I’ve spent most of my sixty-five years of life looking for a person, doctrine, or organization that I could build my life around. I started out looking to my parents to fulfill this role. I found early on that I could depend upon my father to provide us with shelter, clothing, food, and the luxuries of upper middle class Anglo life, but that he was largely unavailable emotionally and could not protect me from my abusive older brother. My mother I found I could depend upon to provide me with delicious meals, delightful books, affection, and consolation, except when her alcoholism and borderline personality disorder symptoms turned her manipulative, vindictive, and sexually abusive.
For years I felt torn between the two of them, and my ambivalence took an odd turn.
Mother put pressure on me to choose her over my father, which—let’s be frank—it wasn’t hard to do, given his loud, gritted-teeth complaints, self-isolation, and demands for absolute obedience. But I liked the fact that he was a writer, and I think I sensed his self-loathing, and I identified with him more than I liked to admit at the time. Now in the bedroom they shared, my father slept on the left side of the bed, my mother on the right. So at night I felt torn. If I slept on the left side of my bed, would I be symbolically choosing my father over my mother? If I slept on the right side of my bed, would I be symbolically choosing my mother over my father? So I compromised: I taught myself to sleep flat on my back, a habit I tend to follow to this day.
Once I entered adolescence, I more or less gave up trying to find refuge in my parents’ world and I sought refuge in my private dream world of comic books, science fiction, fantasy, mythology, and chaste fantasies of joining Robin Hood’s band of Merry Men, or being adopted as innocent school mascot by my brother Anthony’s Air Force Academy classmates. When I became aware of my homosexuality, I began fantasizing about finding a Mister Right, the perfect man who, in exchange for my exclusive devotion and access to my body, would console, protect, and give shape and direction to the rest of my life.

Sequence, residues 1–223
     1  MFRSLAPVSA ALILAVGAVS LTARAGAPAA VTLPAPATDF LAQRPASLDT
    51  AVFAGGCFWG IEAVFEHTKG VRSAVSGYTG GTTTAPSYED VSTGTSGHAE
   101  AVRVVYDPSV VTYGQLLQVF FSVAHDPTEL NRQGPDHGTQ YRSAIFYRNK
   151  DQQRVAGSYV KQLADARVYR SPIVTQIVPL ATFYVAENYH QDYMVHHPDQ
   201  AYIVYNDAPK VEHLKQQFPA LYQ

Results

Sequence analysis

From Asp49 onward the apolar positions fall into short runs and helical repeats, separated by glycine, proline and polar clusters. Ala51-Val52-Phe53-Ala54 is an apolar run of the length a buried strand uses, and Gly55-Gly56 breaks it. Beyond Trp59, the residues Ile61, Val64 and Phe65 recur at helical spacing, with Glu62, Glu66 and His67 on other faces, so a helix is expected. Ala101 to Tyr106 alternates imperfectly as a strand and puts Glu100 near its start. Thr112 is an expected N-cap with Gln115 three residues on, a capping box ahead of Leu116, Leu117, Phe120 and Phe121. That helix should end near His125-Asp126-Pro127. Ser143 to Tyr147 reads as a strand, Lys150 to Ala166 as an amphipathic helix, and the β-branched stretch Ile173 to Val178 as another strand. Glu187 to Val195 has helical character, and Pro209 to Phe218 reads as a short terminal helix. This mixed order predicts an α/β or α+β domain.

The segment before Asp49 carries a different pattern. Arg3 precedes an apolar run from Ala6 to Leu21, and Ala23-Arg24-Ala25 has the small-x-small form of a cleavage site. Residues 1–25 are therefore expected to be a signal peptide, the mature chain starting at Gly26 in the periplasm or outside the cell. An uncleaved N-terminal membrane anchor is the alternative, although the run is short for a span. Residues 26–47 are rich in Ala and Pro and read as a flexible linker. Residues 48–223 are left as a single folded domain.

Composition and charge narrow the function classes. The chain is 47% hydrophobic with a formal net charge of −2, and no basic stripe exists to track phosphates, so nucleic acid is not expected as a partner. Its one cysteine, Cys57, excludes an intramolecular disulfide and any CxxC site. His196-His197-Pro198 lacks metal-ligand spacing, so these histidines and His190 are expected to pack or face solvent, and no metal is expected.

The problem was that, owing to incest trauma, I felt sex was dirty—not just homosexuality, but all sex. I got this feeling from my mother. So I decided that I did not want to be sexual at all. After my father’s sudden death in early 1971, I sought out the sexuality-free surrogate family I’d always fantasized about: I became a celibate Fundamentalist Christian for seven years.
The people with whom I worshiped were good people, genuinely trying to live by Jesus’s teachings of love and forgiveness. Although my self-betrayal ate away at me, the love and acceptance they showed me had a healing effect on me. They gave me a refuge from the storm of my life. But in the end I left the church, and Fundamentalism, in large part because I felt I had been putting on an act. Though I was indeed celibate for most of the seven years I was with them, I now know the difference between celibacy, born of lifestyle conviction, and sexual anorexia born of abuse trauma. And I was not the only one who left. Several years ago I discovered that the pastor of the last church I attended had been gay, and had committed suicide because he had not been able to reconcile his faith with his physicality.